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Unpicking Kyoto (1)

Unpicking Kyoto
Jo Abbess
20 June 2010



The governments of the world are, by and large, well-informed about Climate Change by their trusted scientific advisers and the Intergovernmental Panel on Climate Change (IPCC). However, there is a disconnect between this knowledge and concrete policy action. The United Nations Framework Convention on Climate Change (UNFCCC) has not been successful in achieving control of Greenhouse Gas (GHG) emissions through the ratification of the Kyoto Protocol. Plus, annual negotiations have not reached a form of an agreement to succeed Kyoto, as evidenced by the inconclusive round of talks in December 2009 in Copenhagen. Suggestions of a way forward include a radical re-think about the formulation of the Kyoto Protocol, and the connection of Climate Change to other global concerns.

Kyoto Isn’t Working

For a period during the late 1980s and early 1990s, the world economy appeared to reach a stable point, whereby Carbon Dioxide emissions per person (per capita) levelled off. Many of the world’s major economies were switching fuels – from coal to Natural Gas. And some heavily industrialised countries were going through revolutionary change, and reducing their Greenhouse Gas (GHG) emissions as a result of the ensuing loss of industrial output.

Some of the “basket of gases” covered by the Kyoto Protocol appeared to be stabilising, or reducing :-

Some economists hailed this as a success, claiming that the Global Warming problem had been solved (obviously, as long as the world could control the growth in population). However, since about the year 2000, Carbon Dioxide (CO2) emissions per person began to rise once more :-

Carbon Dioxide levels continue to accumulate in the Atmosphere :-

Worryingly, so are Methane (CH4) and Nitrous Oxide (N2O) :-
(Select “CH4” or “N2O” in the dropdown of item 4 “Gas”)

Optimistic economists and technologists have proposed that as energy production, machines and vehicles improve, that there would be a “decoupling” of economic growth from Carbon Dioxide emissions. In some parts of the world, “Carbon Intensity” has reduced – in other words, less Carbon Dioxide is emitted for each unit of productivity. This is known as “relative decoupling”. But the overall amount of Carbon Dioxide emissions is still rising, showing that there has been no “absolute decoupling” of economic production and Carbon Dioxide Emissions.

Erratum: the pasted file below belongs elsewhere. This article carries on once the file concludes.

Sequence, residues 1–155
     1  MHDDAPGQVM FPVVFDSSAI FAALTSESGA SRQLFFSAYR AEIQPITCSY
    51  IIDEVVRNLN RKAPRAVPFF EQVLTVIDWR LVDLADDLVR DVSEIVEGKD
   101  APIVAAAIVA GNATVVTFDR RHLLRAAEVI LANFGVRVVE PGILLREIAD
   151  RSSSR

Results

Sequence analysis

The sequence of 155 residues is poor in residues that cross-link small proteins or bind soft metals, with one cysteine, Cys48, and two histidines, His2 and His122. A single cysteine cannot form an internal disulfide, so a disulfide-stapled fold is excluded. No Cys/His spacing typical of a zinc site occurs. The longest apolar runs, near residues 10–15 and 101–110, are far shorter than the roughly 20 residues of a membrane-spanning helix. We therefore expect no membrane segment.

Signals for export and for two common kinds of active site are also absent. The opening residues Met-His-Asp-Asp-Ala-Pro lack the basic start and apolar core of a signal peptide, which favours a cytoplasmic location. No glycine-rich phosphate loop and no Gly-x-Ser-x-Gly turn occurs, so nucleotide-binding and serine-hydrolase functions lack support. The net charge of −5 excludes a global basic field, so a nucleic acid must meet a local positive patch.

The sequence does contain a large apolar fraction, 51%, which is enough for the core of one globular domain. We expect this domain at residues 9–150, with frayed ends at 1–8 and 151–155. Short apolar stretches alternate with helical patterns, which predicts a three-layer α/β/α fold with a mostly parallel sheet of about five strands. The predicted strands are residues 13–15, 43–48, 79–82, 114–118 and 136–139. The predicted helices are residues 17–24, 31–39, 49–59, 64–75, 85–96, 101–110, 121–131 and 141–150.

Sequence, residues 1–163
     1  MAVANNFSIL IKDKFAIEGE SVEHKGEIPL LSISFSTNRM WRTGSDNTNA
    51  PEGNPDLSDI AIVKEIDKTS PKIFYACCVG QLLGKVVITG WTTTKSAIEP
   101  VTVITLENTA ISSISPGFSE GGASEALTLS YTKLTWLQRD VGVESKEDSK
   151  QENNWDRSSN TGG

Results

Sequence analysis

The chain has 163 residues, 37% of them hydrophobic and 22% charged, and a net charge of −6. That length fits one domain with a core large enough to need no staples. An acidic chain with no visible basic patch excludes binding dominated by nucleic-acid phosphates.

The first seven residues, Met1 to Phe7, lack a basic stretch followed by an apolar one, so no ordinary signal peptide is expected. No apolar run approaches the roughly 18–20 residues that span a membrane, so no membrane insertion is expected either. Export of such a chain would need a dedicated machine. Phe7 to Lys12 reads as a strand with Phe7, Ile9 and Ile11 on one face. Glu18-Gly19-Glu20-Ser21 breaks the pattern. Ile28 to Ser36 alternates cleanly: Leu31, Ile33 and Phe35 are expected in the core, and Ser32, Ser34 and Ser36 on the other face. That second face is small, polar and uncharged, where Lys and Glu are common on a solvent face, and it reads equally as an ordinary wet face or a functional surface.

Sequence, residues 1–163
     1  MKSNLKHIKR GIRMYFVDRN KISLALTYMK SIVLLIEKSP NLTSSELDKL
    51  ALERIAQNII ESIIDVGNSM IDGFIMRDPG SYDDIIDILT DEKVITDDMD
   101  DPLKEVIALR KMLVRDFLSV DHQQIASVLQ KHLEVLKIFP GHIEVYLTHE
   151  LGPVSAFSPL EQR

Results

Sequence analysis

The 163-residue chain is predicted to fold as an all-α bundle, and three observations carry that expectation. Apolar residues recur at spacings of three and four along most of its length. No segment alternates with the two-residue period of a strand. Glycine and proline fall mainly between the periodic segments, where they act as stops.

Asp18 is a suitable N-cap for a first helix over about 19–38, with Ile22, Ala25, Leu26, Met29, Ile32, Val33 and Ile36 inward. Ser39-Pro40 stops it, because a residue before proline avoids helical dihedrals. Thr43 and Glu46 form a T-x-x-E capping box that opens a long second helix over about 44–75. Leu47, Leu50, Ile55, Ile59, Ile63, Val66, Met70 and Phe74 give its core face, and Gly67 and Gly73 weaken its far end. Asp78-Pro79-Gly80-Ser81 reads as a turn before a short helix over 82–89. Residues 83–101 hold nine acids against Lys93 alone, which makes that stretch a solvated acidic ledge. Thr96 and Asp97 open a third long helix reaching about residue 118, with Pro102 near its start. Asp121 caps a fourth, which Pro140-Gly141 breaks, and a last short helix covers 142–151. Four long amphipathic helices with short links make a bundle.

This point was well-illustrated by Professor Tim Jackson of the Sustainable Development Commission in 2009, in a report and a book :-

The global economic recession has had a discernible effect on Greenhouse Gas Emissions, in particular, Carbon Dioxide Emissions, for example in the United Kingdom :-

However, as Ross Garnaut, the Australian economist has pointed out, there will likely be a robust continuation in emissions growth going forward, as we move into his projected “Platinum Age” :-

Although some countries have met their Kyoto Protocol commitments, as a whole, the world has not :-


Trading Greenhouse Gas Emissions

Greenhouse Gas Emissions are directly correlated to Gross Domestic Product (GDP) measured in Purchasing Power Parity (PPP), and the causes should be easy to identify :-

An expanding, or growing, economy produces more goods, and despite increased energy efficiency in production, this growth increases the use of energy overall, and increases the consumption of traded products.

The problems are not seen universally. There is a strong tendency towards stratification of emissions behaviour – the merchant-manufacturers and wealthy urban classes are the highest emitters in most countries.

So, emissions rises are deeply connected to globalised trade.

Surprisingly, at the UNFCCC negotiations, while there is much talk of nations, national commitments on Carbon Dioxide Emissions reductions, and citizen behaviour change, the “third parties”, the corporate entities, are missing.

With all the talk on per person or per capita emissions, the effect of the behaviour of the international, transnational and national businesses is virtually ignored.

Companies are not “national” any more – they cross borders, both in terms of production, consumption, but crucially in terms of financial flows.

The United Kingdom cannot make pledges on emissions reductions and expect to be able to implement them without the engagement of the corporations that operate on UK territories.

This is one key reason why the post-Kyoto negotiations are not making much headway – a major sector in all economies is not even invited to participate in the future regime.


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